Consolidated Tape: Unlocking the value of CT data to optimally assess liquidity

Consolidated Tape Provider (CTP)

Consolidated Tape: Unlocking the value of CT data to optimally assess liquidity

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Co-authored by Neil Ryan, Regulatory Lead and Chris Brook, Co-Founder and Head of Platform Architecture at FINBOURNE Technology.

In this two-part blog, we uncover the benefits of a fit-for-purpose CT, combined with an interoperable API framework and a holistic approach to organisational data; and why together, they are key to unlocking the value of transaction data in a consolidated tape, for firms and the market as a whole.

As the process of refining the requirements for a bond Consolidated Tape (CT) draws to a close, buy-side, sell-side, and regulatory bodies are looking past the data quality challenges previously identified, to the practicalities of how a CT will deliver data.

In our last CTP whitepaper – The ABC’s of the CTP – we identified the key aspects that need to be addressed to maximise the efficiency of CT data, whilst minimising cost.

We have also worked with industry bodies, leveraging our Modern Financial Data Stack, to contribute evidence-based research ahead of the creation of a CT, including:

In the following blog, we will examine how data would flow through a CT and how it could be used inside an investment firm’s operational landscape. We also look at how open APIs not only increase the accessibility of CT data, but also help it to be integrated throughout the functions in an organisation, to deliver deeper data-led insights and market opportunities.

Making the data usable

Before we consider how CT data might be used within an organisation (see our next instalment for this), we will first examine how the data will be obtained from the upstream trade-data contributors, and how it would be distributed to consumers.

Venues, exchanges and APAs each operate different technology infrastructure, processes and practices. In the future, they will need to provide real-time data to a CT, cheaply and efficiently. FINBOURNE believes that standard, open interfaces should be adopted with these contributors, to ensure efficient integration and timely delivery of data.

Where practical, venues could contribute data to the CT via existing messaging standards, such as FIX. Furthermore, FIX could also be adopted as the API standard to distribute data to downstream consumers of the CT, allowing them to obtain the full consolidated trade feed in real-time.

However, consumers of the CT will undoubtedly have different technical capabilities with regard to ingesting, storing, and re-distributing data:

  • Some firms may be satisfied with a raw real-time data feed, especially if they already have the infrastructure and expertise to handle market data feeds at scale.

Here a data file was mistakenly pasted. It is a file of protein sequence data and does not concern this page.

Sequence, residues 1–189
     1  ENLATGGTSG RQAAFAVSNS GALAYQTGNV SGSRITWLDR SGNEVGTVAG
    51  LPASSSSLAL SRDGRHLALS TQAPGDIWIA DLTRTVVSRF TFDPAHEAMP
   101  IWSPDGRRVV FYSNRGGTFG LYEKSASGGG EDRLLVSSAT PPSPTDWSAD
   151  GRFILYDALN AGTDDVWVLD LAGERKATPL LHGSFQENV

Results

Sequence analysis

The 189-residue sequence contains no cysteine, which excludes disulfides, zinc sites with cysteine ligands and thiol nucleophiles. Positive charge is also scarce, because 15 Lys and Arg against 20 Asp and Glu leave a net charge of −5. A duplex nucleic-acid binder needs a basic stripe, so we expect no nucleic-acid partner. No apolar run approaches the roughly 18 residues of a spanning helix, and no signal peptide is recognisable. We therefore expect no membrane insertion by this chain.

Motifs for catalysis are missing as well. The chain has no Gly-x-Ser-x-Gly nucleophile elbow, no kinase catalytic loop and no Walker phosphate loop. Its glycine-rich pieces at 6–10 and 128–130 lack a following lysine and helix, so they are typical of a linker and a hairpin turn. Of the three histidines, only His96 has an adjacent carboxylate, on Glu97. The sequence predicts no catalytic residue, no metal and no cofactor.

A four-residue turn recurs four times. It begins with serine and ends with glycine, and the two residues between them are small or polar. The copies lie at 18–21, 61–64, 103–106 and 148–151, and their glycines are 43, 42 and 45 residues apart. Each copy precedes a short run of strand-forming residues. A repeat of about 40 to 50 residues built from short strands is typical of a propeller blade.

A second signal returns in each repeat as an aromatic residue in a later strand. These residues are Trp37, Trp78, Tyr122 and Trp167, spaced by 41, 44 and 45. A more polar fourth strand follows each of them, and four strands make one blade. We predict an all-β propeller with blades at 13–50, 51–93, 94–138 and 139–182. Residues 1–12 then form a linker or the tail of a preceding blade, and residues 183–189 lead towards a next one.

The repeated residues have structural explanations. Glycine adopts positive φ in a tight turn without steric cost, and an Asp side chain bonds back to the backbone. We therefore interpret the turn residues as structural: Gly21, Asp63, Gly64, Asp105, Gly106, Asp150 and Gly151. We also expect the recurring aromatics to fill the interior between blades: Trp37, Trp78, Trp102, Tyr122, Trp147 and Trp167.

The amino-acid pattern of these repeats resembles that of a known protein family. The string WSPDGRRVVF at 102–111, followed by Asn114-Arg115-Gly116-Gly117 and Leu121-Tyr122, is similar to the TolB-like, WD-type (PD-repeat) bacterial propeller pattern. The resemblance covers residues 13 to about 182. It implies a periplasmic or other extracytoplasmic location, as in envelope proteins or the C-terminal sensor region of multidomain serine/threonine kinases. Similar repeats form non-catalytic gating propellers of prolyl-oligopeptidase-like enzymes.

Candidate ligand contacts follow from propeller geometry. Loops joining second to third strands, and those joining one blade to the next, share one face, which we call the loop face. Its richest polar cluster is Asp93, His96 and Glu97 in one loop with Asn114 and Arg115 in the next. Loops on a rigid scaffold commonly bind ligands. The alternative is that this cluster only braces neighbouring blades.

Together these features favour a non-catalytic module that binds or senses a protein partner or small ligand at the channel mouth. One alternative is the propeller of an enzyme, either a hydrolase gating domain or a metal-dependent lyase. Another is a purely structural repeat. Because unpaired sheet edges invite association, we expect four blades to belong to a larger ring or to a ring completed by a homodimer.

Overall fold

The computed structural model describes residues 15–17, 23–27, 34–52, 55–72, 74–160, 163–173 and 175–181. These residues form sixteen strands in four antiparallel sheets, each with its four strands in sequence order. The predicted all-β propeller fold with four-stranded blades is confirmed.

• Others may prefer to use APIs to query data in-situ, with the CT platform doing the heavy-lifting of handling the data.
  • Some consumers may simply want a web interface that business users can use to explore and interact with the data, without requiring any specialist software development expertise.

As such, we expect the CTP will need to also provide data warehousing facilities for storage of records, together with tools that can flexibly analyse the data. This would facilitate all the scenarios above, as well as supporting retrospective analysis of historical data – something for which we have already observed demand.

The benefit of APIs

For FINBOURNE, the value of API-enabled services is that they can be composed together to create powerful systems that have more utility than the sum of their parts. The ability to access CT data via open APIs will allow MiFID transparency data to be leveraged throughout the investment chain.

Whilst market participants may need to do some preparatory work to be able to exploit these new APIs, the benefits of having a suitable API strategy are manifold, and include:

Timely visibility of liquidity

  • Taking an end-to-end, API-first approach is necessary to achieve the best latency possible, prioritisting the timeliness of data to deliver optimal visibility of liquidity.


  • Directly connecting to a CT, through open APIs, will minimise cost and allow access to the full suite of its capabilities.

Ease of access

  • We believe an open-API approach also best fulfils the CMU goals associated with the creation of a CT, particularly around attractiveness and ease of access for global investors.

Designing a single API solution to fulfill all these requirements will be a challenge, however. A balance must be struck between delivering sufficient flexibility to sophisticated users, whilst providing simple integrations that support the most common use-cases.

Stay tuned for part two of this blog, where we will dive a little deeper into the different approaches to incorporating CT data within an organisation, and why one size does not fit all…

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Neil Ryan



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